Sons of Ulster
Newton Emerson on a new history of Ulster
Would you read a book on the long, long history of British Ulster? Even as a British Ulsterman I doubt I could be bothered going over all that narrow ground again. However, a new book from Canadian author Derek Lundy is a different matter. His previous bestseller The Way of a Ship imagined the voyages of his great-great uncle Benjamin Lundy as he crewed square-riggers around the world at the end of the age of sail. In Men that God Made Mad Lundy delves deeper into his family history with the tale of three ancestors who cropped up at pivotal junctures in Ulster's past, giving us – the publishers insist – "a revision of its history that seems particularly relevant in today's world". Robert Lundy, who shared Derek's surname but probably not his DNA, was the governor of Londonderry just prior to its infamous siege by King James II in 1688. By ordering the city's surrender he became synonymous with treachery and the useful insult 'Lundy' has been hurled at any Protestant inclined to compromise ever since.
William Steel Dickson, who shared Derek's DNA but not his surname, was a Presbyterian minister implicated in the 1798 uprising against English rule. The overstated role of Protestant non-conformists in fomenting what quickly became a Catholic rebellion is a powerful and typically flexible Irish historical shibboleth, subsequently exaggerated then ignored then exaggerated again by both sides to suit their evolving tribal agendas.
Billy Lundy, who shared Derek's DNA and his surname, was a typical working-class Ulster Protestant of the turn of the last century, living through, although not significantly participating in, the events that brought Ireland independence, partition, civil war and its eventual uneasy sectarian stalemate. Billy was, in his grandson the author's hopeful phrase, a "Protestant everyman" – which explains his presence in the tale despite his awkward absence from the events themselves.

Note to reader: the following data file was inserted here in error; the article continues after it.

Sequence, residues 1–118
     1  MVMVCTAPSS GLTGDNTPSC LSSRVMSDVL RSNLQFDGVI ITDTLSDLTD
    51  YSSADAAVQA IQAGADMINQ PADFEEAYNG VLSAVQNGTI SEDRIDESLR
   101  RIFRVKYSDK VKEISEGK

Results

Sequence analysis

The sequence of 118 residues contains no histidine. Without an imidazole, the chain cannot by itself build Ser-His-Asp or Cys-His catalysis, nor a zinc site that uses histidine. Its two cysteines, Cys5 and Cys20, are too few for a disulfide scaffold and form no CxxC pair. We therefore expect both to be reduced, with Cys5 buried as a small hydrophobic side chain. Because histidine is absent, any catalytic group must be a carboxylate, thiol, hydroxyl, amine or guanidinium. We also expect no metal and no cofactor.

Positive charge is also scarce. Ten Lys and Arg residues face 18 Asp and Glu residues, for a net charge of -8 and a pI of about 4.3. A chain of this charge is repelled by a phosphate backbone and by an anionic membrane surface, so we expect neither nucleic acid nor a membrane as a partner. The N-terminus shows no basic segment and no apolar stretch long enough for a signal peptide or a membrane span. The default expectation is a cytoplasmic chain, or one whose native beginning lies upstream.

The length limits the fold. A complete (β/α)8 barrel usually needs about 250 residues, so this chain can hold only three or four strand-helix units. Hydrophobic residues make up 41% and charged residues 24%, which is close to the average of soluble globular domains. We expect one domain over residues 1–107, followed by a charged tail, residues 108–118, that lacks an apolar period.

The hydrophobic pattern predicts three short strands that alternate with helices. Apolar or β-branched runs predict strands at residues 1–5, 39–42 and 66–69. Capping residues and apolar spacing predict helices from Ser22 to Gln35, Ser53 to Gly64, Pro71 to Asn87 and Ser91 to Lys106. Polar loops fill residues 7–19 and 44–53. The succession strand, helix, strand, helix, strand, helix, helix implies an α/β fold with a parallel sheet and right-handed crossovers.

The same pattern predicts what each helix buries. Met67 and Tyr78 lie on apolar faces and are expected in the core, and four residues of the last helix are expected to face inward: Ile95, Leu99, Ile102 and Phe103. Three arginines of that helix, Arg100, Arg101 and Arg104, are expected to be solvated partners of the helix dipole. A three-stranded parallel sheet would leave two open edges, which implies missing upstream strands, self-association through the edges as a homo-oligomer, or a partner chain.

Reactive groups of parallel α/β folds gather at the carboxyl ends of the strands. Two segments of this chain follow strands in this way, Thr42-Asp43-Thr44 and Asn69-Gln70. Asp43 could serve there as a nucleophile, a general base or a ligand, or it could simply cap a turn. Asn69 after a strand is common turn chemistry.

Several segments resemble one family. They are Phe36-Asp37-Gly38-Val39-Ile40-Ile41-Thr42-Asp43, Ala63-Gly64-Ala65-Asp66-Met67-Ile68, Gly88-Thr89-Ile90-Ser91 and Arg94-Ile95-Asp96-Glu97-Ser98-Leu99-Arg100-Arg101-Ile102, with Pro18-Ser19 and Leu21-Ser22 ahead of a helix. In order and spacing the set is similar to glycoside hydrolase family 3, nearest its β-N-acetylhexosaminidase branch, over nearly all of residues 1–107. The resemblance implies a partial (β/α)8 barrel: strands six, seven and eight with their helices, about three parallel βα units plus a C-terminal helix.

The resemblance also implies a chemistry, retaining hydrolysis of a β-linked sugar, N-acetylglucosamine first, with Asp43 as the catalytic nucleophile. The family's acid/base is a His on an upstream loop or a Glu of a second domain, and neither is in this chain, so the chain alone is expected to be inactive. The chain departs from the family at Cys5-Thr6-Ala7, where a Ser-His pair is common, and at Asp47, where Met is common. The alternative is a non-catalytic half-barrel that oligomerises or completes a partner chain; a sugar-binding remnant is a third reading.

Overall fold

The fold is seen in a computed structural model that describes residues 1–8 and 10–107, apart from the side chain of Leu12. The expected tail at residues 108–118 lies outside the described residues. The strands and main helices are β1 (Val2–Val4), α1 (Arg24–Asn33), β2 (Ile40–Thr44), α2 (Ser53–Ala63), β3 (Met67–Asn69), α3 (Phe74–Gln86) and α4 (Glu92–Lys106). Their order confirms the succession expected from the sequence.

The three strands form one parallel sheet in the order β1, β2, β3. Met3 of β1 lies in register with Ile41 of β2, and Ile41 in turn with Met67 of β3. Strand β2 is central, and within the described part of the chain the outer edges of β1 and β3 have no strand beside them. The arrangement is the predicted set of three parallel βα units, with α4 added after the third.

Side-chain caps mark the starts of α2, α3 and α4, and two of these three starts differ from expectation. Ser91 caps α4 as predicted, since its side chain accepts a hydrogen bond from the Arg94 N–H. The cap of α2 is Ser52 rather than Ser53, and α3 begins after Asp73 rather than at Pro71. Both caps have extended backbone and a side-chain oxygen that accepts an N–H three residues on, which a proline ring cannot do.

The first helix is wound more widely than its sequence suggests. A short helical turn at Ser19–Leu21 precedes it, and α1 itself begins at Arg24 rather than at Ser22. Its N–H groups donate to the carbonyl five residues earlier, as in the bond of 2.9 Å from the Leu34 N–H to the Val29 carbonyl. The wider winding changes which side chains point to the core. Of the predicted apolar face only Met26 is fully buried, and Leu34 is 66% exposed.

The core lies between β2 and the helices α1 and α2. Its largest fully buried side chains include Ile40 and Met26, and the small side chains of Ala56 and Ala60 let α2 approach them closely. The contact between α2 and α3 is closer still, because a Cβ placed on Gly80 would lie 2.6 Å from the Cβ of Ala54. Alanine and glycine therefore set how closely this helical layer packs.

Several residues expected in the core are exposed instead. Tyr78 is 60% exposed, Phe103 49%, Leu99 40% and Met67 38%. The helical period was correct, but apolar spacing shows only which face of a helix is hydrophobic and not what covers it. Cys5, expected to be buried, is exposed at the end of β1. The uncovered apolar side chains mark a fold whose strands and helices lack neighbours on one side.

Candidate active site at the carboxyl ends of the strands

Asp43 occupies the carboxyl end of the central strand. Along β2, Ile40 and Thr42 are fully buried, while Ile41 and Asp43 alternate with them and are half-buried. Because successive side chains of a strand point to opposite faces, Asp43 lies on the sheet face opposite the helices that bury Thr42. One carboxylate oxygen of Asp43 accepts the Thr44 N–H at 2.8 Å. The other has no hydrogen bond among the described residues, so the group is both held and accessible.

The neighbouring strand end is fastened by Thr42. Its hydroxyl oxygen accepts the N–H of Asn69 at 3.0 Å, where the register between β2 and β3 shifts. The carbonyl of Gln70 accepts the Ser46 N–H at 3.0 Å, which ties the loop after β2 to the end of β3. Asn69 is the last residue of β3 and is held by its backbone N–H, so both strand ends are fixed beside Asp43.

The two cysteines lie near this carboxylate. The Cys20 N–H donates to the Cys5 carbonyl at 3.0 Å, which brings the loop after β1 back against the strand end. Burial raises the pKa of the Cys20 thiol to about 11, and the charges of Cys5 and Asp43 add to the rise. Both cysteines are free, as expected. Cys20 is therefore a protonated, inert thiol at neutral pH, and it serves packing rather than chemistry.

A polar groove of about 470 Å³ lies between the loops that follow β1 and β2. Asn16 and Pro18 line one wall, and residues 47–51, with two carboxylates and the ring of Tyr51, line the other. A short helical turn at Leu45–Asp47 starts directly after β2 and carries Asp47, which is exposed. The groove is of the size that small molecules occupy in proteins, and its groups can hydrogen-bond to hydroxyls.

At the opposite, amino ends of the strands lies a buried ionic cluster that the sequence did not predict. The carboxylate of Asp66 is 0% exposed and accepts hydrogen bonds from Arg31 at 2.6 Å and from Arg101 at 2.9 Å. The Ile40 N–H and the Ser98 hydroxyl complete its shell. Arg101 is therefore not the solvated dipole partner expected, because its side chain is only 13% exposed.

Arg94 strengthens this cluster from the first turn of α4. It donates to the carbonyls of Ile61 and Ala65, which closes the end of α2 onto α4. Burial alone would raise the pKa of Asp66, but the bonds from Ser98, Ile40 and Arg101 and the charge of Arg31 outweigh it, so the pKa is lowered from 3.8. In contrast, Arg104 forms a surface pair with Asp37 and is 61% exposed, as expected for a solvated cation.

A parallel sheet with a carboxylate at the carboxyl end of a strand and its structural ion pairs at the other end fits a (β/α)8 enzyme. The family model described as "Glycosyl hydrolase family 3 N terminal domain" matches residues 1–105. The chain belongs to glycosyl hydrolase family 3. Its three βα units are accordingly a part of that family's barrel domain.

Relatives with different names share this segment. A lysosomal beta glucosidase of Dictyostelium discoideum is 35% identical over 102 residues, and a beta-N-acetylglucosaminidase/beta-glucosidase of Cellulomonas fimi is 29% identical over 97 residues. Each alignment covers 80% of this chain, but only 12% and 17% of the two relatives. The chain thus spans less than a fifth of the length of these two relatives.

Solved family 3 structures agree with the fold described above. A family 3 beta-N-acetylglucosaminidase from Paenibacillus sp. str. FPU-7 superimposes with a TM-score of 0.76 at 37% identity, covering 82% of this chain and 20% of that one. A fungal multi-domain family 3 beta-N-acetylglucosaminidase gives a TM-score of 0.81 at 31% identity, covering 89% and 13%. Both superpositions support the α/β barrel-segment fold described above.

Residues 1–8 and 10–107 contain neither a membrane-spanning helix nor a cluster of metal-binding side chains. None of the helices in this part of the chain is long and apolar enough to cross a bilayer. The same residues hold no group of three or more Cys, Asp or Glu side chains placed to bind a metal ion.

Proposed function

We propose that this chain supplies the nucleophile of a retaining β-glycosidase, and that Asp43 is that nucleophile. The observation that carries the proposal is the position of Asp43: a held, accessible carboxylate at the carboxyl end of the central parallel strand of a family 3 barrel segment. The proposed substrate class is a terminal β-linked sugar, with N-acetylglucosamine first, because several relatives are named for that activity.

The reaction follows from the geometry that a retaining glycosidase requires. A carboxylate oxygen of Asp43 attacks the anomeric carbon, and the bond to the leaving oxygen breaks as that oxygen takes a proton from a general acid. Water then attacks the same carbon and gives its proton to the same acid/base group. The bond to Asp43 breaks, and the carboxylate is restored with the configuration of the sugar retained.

By examining each character through the conflicting accounts of their personal history, received history, preferred history and opposing history, Lundy succeeds admirably in conveying the complexity of history. There is, as he readily concedes himself, nothing exceptional in this or indeed in any of Ireland's tiresome claims to 'historical exceptionalism'. All three characters, or their corresponding archetypes, have been the basis for useful mythmaking by sectional interests and Lundy powerfully illustrates the waste, stupidity and stagnation that inevitably results from such endless exploitation of the past. His research is deep but lightly conveyed, with well-chosen references and a pitch-perfect ear for a good quote. United Irishman Wolfe Tone's observation, over 00 years ago, that Thomas Paine's Rights of Man had become 'The Koran of Belfast' is typically delightful – and typically supplied with a scrupulous warning against its false modernity.
Lundy is an excellent historian. He begins with a point of view in clear context, then attacks it with evidence, weaving more and more layers into the picture with every opposing position. His commentary always rings true and is never sly or partial. We are left in little doubt, for example, that the author would prefer history to have been wrong about his namesake at Derry – but also left in little doubt that history merely exaggerated, embellished, twisted and selected, as usual.
Unfortunately, the strength of the book's historical narrative makes the family-tree conceit creak and groan under an increasingly heavy load. The mercifully brief first-person perspectives seem contrived and even silly alongside so much excellent, reliable and nuanced source material. The device falters as the book progresses. Robert Lundy features prominently in the tale of his own time, William Steel Dickson less so and Billy Lundy hardly at all. The author himself emerges ever more strongly in their place, although he is a welcome intrusion. By projecting the tale of each character both backwards and forwards and adding a few pertinent connections, Lundy has managed to sneak a very readable and almost complete history of British Ulster in under the wire – but the book ends up feeling constrained by the means of its delivery. Without the need to link people who may or may not be related to the author to events they may or may not have experienced first hand, Lundy would have been free to apply his insight evenly to the whole sweep of the past 400 years. Then he could have produced what this book almost is and really wants to be – a definitive popular history of British Ulster through the jaundiced eyes of a Protestant outsider. But then, how popular – let alone relevant – is that?